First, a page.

I believe teaching is as important as research. Unfortunately I am not currently teaching. But when I am, students will likely find links to course materials on this page.
In 2010 I was the full-time instructor of Astronomy 1050 — an introductory astronomy course. This was an invaluable experience, as I had full control over the curriculum and methods. It really gave me a feeling for what it is like to plan and execute a course from start to finish. I learned a lot about what I would do again, and especially what I would do differently next time! I have also worked as a TA for several different semesters of Astronomy 1050.
I have worked as a TA for a variety of physics courses. These include algebra based introductory physics for non-majors as well as calculus based introductory physics for engineers.
I remain very active in public outreach activities through the university. Sharing the wonders of astronomy and forefront research with the public is a service I'm passionate about. From giving planetarium shows here at the university to traveling to local schools to give talks and physics demos, I enjoy it all. If you're a member of the general public or a school, feel free to contact me about outreach opportunities. Learn more about an NSF-funded workshop I co-organized here.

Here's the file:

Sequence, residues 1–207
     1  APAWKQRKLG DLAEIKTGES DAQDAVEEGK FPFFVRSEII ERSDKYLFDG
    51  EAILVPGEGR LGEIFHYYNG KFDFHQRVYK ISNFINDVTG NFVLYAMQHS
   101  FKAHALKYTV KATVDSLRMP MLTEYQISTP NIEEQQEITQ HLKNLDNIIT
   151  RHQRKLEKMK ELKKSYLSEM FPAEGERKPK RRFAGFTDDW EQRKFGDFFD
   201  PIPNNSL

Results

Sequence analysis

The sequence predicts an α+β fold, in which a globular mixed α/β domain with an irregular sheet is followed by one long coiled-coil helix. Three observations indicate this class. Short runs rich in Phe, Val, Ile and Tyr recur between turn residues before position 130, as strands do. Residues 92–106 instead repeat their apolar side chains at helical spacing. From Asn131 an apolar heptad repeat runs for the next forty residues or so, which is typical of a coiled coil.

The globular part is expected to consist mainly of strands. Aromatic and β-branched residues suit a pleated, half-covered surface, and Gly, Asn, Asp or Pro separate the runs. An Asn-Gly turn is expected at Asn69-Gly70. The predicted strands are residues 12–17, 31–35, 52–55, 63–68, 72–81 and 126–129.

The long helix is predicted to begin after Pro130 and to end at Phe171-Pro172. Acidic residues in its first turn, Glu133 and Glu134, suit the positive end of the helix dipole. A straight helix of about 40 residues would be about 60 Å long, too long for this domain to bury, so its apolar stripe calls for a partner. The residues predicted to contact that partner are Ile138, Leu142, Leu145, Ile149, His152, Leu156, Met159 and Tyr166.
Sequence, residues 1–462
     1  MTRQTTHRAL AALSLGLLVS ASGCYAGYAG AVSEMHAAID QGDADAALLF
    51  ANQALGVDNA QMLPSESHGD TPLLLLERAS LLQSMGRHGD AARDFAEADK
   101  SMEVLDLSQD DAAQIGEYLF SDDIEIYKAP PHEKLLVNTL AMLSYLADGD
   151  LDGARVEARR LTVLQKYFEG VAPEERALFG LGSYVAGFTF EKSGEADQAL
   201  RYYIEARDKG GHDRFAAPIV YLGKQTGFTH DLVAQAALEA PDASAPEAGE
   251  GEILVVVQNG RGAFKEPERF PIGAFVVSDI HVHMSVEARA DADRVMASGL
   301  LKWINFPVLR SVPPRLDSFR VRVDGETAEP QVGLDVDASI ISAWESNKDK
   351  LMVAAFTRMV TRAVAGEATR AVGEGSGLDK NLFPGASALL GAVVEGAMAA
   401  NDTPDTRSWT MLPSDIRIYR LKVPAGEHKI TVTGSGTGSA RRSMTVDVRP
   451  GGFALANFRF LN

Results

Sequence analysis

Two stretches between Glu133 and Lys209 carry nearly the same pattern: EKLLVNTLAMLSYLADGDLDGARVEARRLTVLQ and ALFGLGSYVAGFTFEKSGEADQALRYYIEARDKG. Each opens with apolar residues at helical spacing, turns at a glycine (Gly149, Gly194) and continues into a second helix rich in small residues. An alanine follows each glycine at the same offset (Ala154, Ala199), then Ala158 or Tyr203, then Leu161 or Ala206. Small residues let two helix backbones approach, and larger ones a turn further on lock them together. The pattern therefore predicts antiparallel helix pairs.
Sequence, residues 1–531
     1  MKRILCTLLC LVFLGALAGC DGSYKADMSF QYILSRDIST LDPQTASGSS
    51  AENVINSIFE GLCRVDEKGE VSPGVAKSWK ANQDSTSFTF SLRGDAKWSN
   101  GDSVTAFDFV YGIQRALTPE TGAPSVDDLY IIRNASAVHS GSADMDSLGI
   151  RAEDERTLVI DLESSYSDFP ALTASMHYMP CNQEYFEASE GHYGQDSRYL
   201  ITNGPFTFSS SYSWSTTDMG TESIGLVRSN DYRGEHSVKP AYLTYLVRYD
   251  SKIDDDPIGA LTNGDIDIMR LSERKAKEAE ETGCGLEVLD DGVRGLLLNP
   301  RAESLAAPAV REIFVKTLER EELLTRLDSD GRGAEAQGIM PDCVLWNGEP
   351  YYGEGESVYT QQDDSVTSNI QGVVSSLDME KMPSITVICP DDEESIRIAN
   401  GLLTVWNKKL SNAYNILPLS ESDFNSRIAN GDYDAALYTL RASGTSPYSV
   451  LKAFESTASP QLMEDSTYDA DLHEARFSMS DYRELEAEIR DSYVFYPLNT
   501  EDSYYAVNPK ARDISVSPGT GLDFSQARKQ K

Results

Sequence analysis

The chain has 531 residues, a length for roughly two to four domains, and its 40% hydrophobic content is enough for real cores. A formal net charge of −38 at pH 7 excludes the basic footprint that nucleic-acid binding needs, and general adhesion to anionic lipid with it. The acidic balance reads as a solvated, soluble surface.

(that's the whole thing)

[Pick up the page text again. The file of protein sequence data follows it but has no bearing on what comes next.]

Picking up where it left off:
Finally, I am beginning work on an innovative way to share quasar spectra with students and the public, while simultaneously teaching them about light, waves, sound, quasar physics, and big data in astronomy. I need a catchy name, but for now we'll just call it quasar music. Click here to learn more and hear a few examples.